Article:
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A RENOWNED PHOTOGRAPHER CATCHES THE ESSENCE OF THE NATIONAL PASTIME
Jeremiah Tax
September 10, 1984
Another way of putting the old saw about words and pictures is that one great photograph may require a thousand words to describe its qualities adequately. By that standard, Baseball, photographs by Walter Iooss Jr. with text by Roger Angell (Harry N. Abrams, Inc.), demands a multitude of favorable words. It signals an early start for the gift-book season, and even at $29.95 there may not be many copies left on the bookstore shelves come Christmas.
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September 10, 1984

A Renowned Photographer Catches The Essence Of The National Pastime

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Another way of putting the old saw about words and pictures is that one great photograph may require a thousand words to describe its qualities adequately. By that standard, Baseball, photographs by Walter Iooss Jr. with text by Roger Angell (Harry N. Abrams, Inc.), demands a multitude of favorable words. It signals an early start for the gift-book season, and even at $29.95 there may not be many copies left on the bookstore shelves come Christmas.

Like all the superior sports photographers, Iooss understands his game, and it shows not only in his sense of anticipation, but also in the way he has culled 133 images (95% taken while a staff photographer for SPORTS ILLUSTRATED) for the book from 20 busy years of assignments. Iooss is fascinated by the way twilight and stadium lights add mystery and drama to the game of baseball, and there are a number of excellent examples of this, including the cover. But there's plenty of good, hard baseball, too.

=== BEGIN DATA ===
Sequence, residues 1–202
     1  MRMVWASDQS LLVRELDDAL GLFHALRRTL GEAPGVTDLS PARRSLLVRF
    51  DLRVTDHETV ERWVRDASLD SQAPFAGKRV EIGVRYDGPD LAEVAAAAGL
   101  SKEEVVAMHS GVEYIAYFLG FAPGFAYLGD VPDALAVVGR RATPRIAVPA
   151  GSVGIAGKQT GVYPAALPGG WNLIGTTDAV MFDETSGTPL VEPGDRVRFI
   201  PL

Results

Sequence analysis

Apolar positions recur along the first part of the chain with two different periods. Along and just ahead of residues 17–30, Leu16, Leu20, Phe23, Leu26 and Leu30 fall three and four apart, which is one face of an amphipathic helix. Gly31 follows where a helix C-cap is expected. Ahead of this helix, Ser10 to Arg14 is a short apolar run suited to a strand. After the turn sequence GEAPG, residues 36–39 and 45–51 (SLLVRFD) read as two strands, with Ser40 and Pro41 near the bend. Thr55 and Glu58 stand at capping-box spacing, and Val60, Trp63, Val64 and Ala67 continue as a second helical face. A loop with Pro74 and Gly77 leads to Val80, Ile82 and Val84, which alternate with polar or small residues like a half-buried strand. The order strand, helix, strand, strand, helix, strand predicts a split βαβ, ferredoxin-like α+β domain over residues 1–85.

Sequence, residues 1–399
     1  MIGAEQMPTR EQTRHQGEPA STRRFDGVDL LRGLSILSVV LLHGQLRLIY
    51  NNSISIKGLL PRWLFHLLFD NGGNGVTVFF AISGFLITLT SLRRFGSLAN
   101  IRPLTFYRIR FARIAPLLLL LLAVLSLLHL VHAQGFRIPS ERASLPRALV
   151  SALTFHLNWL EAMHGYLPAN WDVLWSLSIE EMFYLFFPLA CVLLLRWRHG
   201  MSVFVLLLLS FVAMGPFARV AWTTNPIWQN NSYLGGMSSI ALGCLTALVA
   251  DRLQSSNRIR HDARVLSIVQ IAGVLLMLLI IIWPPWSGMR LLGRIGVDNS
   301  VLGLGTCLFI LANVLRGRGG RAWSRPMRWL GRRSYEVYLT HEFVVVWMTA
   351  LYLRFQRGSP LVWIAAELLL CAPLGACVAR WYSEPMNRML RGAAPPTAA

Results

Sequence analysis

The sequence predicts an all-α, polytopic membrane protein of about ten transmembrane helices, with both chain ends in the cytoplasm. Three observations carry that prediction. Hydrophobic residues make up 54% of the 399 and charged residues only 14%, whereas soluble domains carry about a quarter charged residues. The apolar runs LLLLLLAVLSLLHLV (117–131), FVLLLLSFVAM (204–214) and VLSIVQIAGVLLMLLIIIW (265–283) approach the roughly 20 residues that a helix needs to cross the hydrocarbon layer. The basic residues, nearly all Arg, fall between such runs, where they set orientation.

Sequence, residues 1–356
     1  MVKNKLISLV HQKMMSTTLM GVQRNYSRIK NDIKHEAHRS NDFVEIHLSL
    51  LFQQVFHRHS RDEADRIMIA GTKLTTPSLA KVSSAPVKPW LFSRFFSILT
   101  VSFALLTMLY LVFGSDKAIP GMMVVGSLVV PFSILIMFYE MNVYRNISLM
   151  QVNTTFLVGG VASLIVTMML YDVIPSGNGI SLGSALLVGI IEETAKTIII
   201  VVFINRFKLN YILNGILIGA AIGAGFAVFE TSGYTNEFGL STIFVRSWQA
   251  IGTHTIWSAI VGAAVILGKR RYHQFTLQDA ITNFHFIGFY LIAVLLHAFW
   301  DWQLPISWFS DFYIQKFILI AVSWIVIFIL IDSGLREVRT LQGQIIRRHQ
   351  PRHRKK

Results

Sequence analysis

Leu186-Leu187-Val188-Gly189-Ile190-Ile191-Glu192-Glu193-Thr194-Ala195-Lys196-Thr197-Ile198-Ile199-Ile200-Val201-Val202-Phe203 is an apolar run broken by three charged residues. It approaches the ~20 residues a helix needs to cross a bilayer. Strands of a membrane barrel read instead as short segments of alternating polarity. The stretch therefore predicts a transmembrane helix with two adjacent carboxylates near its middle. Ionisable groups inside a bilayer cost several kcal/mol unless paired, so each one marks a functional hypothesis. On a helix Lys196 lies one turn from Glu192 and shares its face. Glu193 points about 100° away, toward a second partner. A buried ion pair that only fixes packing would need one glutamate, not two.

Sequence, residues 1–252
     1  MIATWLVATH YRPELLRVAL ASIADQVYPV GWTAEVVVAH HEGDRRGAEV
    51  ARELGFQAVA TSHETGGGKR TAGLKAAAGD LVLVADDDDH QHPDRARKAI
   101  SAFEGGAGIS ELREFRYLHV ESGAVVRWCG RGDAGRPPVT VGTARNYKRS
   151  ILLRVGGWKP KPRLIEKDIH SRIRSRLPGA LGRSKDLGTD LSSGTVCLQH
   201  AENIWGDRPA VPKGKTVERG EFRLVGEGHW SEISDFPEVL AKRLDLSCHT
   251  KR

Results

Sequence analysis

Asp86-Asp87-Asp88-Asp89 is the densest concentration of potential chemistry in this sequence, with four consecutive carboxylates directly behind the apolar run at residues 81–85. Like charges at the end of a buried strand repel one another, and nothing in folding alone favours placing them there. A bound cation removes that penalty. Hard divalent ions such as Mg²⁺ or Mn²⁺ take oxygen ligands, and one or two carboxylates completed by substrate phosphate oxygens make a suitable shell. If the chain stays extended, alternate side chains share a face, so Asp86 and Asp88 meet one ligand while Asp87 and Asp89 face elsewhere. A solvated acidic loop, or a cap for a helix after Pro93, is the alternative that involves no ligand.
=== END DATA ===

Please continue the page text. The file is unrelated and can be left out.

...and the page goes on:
The start of the double play at second base has become almost a clich� in baseball photography, but it has never been better shown than here, in a photo from the 1976 World Series. The ball has just arrived in Joe Morgan's glove, and he's beginning to shift his attention to Mickey Rivers flying in from first. A beauty!

At spring training in 1963, Pirate rookie Bob Bailey scooped up a grounder at third, the umpire signaled fair ball and Bailey started his throw. Iooss's view of this—in technique, tension and composition—is a masterpiece. On the Mets' first Opening Day, in April 1962, Iooss made a portrait of Casey Stengel looking out at the field; it describes better than any thousand words could the informed apprehension of this gnarled, wise old man as he faced a full season with no-longer-, never-were-and semi-competents on his side. Angell's text, especially its analysis of televised baseball's distortions of the game—it seems to move at a faster pace than the game being covered, he says—is a welcome bonus. But Baseball is Iooss's triumph.

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